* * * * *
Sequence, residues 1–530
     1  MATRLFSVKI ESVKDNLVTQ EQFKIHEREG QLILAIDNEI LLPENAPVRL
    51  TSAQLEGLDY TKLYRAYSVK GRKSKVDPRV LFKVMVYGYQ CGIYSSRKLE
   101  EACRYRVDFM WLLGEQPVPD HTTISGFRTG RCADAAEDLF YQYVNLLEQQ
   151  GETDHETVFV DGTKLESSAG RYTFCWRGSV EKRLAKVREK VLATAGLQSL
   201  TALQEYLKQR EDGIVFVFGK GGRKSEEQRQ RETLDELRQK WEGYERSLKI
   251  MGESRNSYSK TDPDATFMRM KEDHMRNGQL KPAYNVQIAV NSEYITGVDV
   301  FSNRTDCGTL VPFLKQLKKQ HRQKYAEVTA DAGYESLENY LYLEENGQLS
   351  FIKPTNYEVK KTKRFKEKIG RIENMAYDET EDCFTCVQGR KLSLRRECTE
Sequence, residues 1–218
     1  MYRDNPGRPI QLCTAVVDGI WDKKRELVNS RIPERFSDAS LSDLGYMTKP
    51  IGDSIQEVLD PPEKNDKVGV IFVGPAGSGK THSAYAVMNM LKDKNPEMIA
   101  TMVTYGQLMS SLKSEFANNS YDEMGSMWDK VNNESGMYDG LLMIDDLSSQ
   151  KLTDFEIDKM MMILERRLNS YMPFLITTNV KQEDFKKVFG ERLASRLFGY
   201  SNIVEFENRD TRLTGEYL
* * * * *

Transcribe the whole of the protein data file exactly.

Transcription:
Sequence, residues 1–530
     1  MATRLFSVKI ESVKDNLVTQ EQFKIHEREG QLILAIDNEI LLPENAPVRL
    51  TSAQLEGLDY TKLYRAYSVK GRKSKVDPRV LFKVMVYGYQ CGIYSSRKLE
   101  EACRYRVDFM WLLGEQPVPD HTTISGFRTG RCADAAEDLF YQYVNLLEQQ
   151  GETDHETVFV DGTKLESSAG RYTFCWRGSV EKRLAKVREK VLATAGLQSL
   201  TALQEYLKQR EDGIVFVFGK GGRKSEEQRQ RETLDELRQK WEGYERSLKI
   251  MGESRNSYSK TDPDATFMRM KEDHMRNGQL KPAYNVQIAV NSEYITGVDV
   301  FSNRTDCGTL VPFLKQLKKQ HRQKYAEVTA DAGYESLENY LYLEENGQLS
   351  FIKPTNYEVK KTKRFKEKIG RIENMAYDET EDCFTCVQGR KLSLRRECTE
Sequence, residues 1–218
     1  MYRDNPGRPI QLCTAVVDGI WDKKRELVNS RIPERFSDAS LSDLGYMTKP
    51  IGDSIQEVLD PPEKNDKVGV IFVGPAGSGK THSAYAVMNM LKDKNPEMIA
   101  TMVTYGQLMS SLKSEFANNS YDEMGSMWDK VNNESGMYDG LLMIDDLSSQ
   151  KLTDFEIDKM MMILERRLNS YMPFLITTNV KQEDFKKVFG ERLASRLFGY
   201  SNIVEFENRD TRLTGEYL